The $8 sniff test

Some time ago, I received an email from two different people about a ‘clear and present danger’ to women. Bands of people were lurking in shopping mall parking lots attempting to abduct women. Their ploy, a tiny strip of ether soaked sniff test paper posing as an $8 knock-off of a $20 perfume sample. The warning came with a long, ‘this almost happened to me but I dodged the bullet’ missive from a woman in the police service. I read the text and thought, this is important information to know. In fact, at the top of the email it told me this was very important information to know and I must share it with everyone on my email contact list.

Even more important about the information I received, however, were the questions I pondered before passing it along. I wondered.. what was the likelihood of a little strip of paper containing enough ether to knock me out? I mean, think about the movies you’ve seen. When ether’s applied to knock out a ‘kidnappee’, it comes soaked in a cloth of unknown origins that is held at length against the victim’s mouth and nose. Doesn’t ether have a strong smell? Doesn’t it evaporate in the air? Couldn’t I tell the difference between an $8 perfume knock-off posing as a $20 perfume that is actually ether intended to render me unconscious?

I went on a hunt. Sure enough. The $8 sniff test doesn’t pass the truth or fiction test. It’s an urban myth. and Sniff Test

Which brings me back to being aware and conscious. Making choices that celebrate the wonder of my life in freedom.

When I honour myself, honour my freedom and my beautiful life, I am aware of both the dark and light side of living on this complex, magical and mystical planet we call earth. In The Gift of Fear, Gavin de Becker talks about the need to face reality. What is real and true and actual. An elevator door opens, he writes and when you look inside you see a man who smiles at you. There’s something about him that makes you feel uncomfortable. You hear the voice inside whisper, “Take another elevator.” Your ‘don’t make a scene. Don’t be rude/insensitive/whatever’ voice, says, “Get in. There’s nothing wrong.” What do you do? Heed the voice of observation and wait for the next elevator? Or, get into a steel chamber with a closed door with a stranger?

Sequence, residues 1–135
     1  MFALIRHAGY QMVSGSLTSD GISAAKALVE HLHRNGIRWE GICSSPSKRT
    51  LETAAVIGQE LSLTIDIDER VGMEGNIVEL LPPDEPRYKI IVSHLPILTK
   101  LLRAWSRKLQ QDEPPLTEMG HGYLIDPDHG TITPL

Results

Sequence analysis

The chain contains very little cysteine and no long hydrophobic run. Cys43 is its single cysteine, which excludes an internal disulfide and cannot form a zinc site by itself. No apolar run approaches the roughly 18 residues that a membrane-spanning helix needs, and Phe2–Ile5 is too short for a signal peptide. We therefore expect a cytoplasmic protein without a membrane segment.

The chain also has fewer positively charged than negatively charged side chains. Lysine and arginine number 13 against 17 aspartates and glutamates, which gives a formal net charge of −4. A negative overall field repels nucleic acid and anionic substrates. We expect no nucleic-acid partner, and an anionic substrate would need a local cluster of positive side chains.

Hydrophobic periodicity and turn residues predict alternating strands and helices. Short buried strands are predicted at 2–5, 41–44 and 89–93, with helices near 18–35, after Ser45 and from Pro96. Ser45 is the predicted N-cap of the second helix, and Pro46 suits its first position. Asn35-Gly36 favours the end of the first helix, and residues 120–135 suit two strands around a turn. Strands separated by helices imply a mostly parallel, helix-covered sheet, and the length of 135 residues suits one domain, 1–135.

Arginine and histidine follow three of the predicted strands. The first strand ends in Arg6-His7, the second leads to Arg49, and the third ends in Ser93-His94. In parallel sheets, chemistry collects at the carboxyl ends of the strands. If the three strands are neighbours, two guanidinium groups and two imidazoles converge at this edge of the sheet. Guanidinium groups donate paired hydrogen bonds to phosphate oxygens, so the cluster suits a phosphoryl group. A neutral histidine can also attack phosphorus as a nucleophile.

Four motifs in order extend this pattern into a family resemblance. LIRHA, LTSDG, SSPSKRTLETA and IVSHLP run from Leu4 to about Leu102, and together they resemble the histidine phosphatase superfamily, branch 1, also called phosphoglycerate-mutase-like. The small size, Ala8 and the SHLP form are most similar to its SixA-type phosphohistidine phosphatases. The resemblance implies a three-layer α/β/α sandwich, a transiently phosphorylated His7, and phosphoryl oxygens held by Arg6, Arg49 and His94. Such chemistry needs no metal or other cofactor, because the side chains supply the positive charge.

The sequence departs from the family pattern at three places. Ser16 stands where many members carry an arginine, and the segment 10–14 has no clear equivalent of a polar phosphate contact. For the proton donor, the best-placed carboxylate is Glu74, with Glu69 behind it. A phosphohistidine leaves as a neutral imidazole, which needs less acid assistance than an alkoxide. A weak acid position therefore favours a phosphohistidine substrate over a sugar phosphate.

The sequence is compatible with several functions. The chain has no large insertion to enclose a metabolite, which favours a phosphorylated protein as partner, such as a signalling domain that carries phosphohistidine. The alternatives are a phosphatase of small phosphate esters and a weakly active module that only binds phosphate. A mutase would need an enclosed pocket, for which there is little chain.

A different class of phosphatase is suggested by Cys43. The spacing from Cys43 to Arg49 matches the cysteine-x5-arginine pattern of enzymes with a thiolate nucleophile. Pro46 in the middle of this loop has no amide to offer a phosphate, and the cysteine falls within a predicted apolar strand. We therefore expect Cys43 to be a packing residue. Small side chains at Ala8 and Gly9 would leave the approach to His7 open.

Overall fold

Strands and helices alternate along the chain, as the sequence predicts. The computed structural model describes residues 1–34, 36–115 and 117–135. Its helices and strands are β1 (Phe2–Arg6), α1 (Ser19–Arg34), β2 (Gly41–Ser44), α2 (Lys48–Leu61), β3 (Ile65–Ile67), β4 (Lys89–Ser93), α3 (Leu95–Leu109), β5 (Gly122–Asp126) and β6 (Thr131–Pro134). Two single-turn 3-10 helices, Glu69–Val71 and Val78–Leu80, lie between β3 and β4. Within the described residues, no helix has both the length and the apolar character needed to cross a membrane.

Listening to myself means not worrying about whether I look rude, silly, fearful or anything else I think lessens me in the eyes of others. When the elevator comes and I choose not to ride with a stranger, I am perfectly okay with my choice. Doesn’t mean I’m paranoid. It means I honour my life and my right to make choices that state clearly and unequivocally, I am free. I have choice. I acknowledge there are risks, I will not put myself at undue risk. I exercise my choice for my own good.

When I was in that relationship that caused so much pain and stress on my life and the lives of those I love, I didn’t honour my life, nor my right to make choices that celebrated my freedom. I continually made choices based on fear, denial, terror, confusion. I made choices based on what one man told me to be true, and never questioned the possibility that it was all fiction. I chose to believe he wouldn’t hurt me, even when the facts so clearly demonstrated, yes he would.

In my denial, I lost sight of the truth. My choices make the difference in my life. Will I choose to celebrate life, or kill off any hope of freedom? Will I open doors to change, or slam them shut in the face of possibility? Will I step into my fear of the unknown, or, will I stay stuck in my denial of what is, fearful of what I cannot see beyond what I know today?

In my life today, I accept with open arms the truth of who I am. I am responsible for me. Back then, I wasn’t willing to accept that. Back then, I wanted to deny the truth. I wanted to avoid taking responsibility for the one life I have total control of how I live. Mine.